“Many scientists have studied similar effects from exposure to pharmaceuticals and pesticides, but now we’re seeing it from chemicals found in common road salt and leaf litter,” said Max Lambert
, a doctoral student at the Yale School of Forestry & Environmental Studies (F&ES) and lead author of the paper.
“The health and abundance of females is obviously critical for the sustainability of any population because they’re the ones that make the babies,” Lambert said. “So if you have a population that is becoming male-based, the population might be at risk.”
The results were published in the Canadian Journal of Fisheries and Aquatic Sciences
. Other authors included David Skelly
, the Frank R. Oastler Professor of Ecology at Yale; Meredith Smylie
, a research associate at F&ES; and scientists from Rensselaer Polytechnic Institute.
For the experiment, conducted at the Rensselaer Aquatic Lab in Troy, N.Y., the researchers created a series of water treatments in 500-liter tanks containing varying levels of road salt and leaf litter from maple and oak trees. Many of the water treatments contained tree litter levels that mimicked natural leaf litter found in typical forest ponds.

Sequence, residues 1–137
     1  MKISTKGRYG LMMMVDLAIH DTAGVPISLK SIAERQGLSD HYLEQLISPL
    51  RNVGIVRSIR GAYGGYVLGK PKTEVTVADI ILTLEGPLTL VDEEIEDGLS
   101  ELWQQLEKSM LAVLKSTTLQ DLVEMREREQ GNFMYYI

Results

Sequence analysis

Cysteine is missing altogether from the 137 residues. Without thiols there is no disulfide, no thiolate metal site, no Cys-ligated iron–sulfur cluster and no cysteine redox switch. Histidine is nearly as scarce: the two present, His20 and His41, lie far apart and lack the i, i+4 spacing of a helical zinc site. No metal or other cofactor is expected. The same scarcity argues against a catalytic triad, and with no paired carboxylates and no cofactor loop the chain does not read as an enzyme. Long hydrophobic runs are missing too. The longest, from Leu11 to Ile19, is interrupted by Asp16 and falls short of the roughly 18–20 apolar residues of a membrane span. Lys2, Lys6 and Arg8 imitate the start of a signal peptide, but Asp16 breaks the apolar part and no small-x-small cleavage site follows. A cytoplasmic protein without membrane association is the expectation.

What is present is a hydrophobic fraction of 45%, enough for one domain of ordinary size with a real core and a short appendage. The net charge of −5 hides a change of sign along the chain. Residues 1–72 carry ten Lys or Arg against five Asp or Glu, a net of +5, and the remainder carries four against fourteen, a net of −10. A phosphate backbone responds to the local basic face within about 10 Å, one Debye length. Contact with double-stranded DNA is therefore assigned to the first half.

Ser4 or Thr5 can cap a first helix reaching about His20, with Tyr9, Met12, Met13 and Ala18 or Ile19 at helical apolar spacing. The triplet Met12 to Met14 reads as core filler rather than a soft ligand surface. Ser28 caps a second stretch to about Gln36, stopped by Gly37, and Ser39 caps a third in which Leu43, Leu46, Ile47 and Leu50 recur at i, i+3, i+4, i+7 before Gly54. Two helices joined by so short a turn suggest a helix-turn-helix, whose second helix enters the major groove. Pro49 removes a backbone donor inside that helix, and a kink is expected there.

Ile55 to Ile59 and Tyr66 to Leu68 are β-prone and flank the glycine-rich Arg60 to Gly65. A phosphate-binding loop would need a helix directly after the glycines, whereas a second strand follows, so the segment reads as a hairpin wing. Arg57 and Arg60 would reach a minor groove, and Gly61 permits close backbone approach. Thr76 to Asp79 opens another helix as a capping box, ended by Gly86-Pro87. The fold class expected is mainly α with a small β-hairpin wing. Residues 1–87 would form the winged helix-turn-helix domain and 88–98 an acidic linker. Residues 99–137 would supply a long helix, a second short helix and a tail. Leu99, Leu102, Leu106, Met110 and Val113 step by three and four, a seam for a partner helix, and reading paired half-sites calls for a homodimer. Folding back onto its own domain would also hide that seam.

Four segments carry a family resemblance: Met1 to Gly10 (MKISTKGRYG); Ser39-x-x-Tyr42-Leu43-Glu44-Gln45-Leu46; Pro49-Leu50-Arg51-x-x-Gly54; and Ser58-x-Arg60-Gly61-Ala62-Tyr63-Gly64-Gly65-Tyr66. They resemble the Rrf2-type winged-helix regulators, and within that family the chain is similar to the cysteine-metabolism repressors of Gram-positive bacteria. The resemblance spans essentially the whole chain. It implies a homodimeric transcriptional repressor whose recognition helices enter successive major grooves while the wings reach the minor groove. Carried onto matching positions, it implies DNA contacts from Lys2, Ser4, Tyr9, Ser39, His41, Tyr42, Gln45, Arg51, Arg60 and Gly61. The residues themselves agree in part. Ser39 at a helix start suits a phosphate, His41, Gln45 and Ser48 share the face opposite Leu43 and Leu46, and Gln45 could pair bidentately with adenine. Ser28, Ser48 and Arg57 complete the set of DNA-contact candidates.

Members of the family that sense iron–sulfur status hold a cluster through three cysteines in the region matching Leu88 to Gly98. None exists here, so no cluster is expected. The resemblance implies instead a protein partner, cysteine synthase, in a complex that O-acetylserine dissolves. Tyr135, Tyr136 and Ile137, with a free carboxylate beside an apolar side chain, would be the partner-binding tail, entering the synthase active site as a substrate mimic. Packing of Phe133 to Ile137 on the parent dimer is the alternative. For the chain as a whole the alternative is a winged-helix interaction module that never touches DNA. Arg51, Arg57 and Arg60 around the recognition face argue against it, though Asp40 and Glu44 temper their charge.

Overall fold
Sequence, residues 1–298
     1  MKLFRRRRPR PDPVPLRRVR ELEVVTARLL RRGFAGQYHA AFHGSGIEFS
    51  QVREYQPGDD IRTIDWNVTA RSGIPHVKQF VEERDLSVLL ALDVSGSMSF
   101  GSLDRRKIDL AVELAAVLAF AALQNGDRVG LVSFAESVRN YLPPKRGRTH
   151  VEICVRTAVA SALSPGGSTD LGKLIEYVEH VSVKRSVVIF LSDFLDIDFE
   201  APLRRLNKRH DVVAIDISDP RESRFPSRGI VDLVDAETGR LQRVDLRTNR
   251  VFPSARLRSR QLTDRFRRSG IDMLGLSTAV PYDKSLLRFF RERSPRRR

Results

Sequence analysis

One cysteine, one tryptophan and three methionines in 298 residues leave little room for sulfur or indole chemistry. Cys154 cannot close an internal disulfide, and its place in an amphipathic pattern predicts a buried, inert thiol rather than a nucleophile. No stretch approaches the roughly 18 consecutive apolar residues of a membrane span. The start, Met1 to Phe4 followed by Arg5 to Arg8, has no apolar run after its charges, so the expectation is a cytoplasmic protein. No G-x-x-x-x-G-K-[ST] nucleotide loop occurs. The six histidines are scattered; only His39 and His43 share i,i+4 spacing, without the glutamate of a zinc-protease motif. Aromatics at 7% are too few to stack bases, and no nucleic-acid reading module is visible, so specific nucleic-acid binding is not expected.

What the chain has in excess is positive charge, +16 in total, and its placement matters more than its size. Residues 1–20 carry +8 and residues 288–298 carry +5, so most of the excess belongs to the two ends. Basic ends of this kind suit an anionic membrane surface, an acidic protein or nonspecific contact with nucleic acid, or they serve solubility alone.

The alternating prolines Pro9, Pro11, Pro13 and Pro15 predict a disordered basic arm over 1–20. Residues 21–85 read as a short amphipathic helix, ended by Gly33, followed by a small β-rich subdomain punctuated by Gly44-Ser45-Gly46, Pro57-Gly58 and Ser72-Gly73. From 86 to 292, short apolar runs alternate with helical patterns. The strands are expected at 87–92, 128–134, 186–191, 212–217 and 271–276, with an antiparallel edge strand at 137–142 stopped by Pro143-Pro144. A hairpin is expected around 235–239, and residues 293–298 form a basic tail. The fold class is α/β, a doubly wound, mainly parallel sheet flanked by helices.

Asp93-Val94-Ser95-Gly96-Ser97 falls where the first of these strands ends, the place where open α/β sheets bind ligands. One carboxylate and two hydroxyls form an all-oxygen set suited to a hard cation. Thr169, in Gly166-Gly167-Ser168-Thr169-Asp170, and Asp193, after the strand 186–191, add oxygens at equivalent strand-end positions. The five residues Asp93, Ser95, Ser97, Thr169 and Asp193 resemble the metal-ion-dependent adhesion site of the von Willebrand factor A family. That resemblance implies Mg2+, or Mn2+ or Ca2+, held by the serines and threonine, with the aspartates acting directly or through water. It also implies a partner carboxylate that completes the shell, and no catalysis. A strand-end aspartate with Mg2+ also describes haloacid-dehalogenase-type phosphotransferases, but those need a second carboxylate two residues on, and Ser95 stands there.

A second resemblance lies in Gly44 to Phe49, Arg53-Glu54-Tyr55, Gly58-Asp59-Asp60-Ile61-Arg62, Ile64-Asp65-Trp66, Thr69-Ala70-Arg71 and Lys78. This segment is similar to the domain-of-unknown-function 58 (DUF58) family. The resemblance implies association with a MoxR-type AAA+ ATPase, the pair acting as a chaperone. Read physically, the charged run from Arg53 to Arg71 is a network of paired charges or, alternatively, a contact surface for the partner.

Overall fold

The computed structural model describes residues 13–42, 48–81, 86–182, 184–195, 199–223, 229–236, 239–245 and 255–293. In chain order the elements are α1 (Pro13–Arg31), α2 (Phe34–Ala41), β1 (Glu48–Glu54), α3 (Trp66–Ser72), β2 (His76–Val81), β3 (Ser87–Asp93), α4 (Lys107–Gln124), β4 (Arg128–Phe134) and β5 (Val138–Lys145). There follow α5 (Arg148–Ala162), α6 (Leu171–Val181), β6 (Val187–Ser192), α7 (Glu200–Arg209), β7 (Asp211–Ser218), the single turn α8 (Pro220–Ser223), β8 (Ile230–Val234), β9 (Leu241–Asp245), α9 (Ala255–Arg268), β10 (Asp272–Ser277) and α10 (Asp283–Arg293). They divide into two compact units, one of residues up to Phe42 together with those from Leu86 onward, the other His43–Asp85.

According to the study, frogs reared in oak leaf litter in the absence of salt exhibited a female-biased sex ratio (63 percent). But when salt was added it decreased the proportion of female frogs by 10 percent.
Meanwhile, within populations exposed to oak litter, developing female tadpoles were always larger than male tadpoles, which is fairly common among species that lay eggs. But when salt was added the female tadpoles decreased in size.